Poetry

Book Hunters in Brief #120: Children's Poetry for National Poetry Month

Not only is it a fairly inarguable fact that children and young adults write the best poetry, they are also--for many of the same reasons--the best readers of poetry. In both cases, their abilities have to do with an intuitive sense of possibilities: in language, in imagination, in life and the world around them. It is also a fairly inarguable fact that the world would be a better, or at least more interesting, place if more of us could carry a child's poetic sensibility into adulthood. We just don't, for many, probably valid, reasons. Heck, most kids who grow up to be poets can't even manage it.

Book Hunters in Brief #68: Poetry for the Verse Averse

Yes, it's that time of year again when well-meaning poetry lovers insist (always with a hint of desperation in their voices) that you must read some poetry because it's National Poetry Month and it is important and it is good for you and it is fun (despite the fact that it's pretty much a universal law that if so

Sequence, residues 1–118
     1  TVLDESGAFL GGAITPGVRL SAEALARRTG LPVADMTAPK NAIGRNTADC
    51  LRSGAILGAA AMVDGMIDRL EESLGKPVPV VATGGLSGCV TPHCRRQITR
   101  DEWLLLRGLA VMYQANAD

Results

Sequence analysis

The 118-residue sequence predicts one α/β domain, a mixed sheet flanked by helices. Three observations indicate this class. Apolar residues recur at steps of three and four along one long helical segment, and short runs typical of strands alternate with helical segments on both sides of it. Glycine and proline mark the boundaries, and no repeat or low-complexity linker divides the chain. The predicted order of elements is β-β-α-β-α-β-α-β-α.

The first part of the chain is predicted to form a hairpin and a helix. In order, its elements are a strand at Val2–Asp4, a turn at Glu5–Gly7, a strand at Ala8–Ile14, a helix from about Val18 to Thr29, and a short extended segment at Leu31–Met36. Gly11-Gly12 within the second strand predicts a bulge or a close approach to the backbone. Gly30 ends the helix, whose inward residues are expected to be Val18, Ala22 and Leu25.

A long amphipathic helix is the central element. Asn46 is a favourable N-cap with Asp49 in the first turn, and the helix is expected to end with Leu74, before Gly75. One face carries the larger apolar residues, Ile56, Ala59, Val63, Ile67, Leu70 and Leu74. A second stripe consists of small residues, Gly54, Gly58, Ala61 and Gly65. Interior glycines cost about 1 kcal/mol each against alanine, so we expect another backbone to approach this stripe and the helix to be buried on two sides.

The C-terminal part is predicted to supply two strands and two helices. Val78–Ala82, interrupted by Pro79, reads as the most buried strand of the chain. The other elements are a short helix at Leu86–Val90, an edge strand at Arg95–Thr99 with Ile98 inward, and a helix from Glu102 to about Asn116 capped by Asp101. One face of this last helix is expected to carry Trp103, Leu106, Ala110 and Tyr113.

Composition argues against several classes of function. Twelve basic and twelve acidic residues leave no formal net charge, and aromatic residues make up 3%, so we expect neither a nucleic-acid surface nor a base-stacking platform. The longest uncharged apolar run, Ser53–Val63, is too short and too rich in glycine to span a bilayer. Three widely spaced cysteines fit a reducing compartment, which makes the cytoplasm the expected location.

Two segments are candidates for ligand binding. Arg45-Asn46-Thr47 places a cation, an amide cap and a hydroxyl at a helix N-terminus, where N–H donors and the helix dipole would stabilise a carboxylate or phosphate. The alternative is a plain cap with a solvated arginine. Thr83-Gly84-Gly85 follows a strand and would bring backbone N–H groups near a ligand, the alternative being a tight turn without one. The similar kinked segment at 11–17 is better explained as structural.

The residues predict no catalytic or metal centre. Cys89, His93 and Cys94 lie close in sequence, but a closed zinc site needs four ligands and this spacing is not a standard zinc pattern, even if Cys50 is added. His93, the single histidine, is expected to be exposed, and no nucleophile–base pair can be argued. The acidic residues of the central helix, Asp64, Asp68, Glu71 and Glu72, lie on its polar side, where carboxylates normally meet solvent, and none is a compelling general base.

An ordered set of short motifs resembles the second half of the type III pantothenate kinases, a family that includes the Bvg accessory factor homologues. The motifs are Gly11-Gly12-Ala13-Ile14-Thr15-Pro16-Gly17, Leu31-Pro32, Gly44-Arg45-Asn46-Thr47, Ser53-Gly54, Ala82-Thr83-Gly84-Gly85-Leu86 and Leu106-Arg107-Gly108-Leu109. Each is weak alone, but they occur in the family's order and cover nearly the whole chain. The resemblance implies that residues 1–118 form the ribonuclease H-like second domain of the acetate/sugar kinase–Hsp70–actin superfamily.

Calling All Teen Poets, Rappers & Writers! Space City Poetry Slam! Saturday @ Barbara Bush Branch Library

Teen poets, writers and rappers! It’s time to step up and stand out at the WITS Space City Slam, Saturday, March 7, 2:00 PM at Barbara Bush Branch Library.

The slam is free and open to all teens between 13 and 19 years. No registration is necessary. Just bring your best poetry and bring it at the mic.

Saturday's event is the third of ten first-round slams to held across the Greater Houston Area. Saturday's winners  will move on to the semifinal round to compete for a spot in the final Space City Grand Slam in April at Discovery Green. The six winners of the Grand Slam will join the Meta-Four Houston performance poetry team at the Brave New Voices Festival this July in Atlanta.

Phillip Levine (1928 - 2015)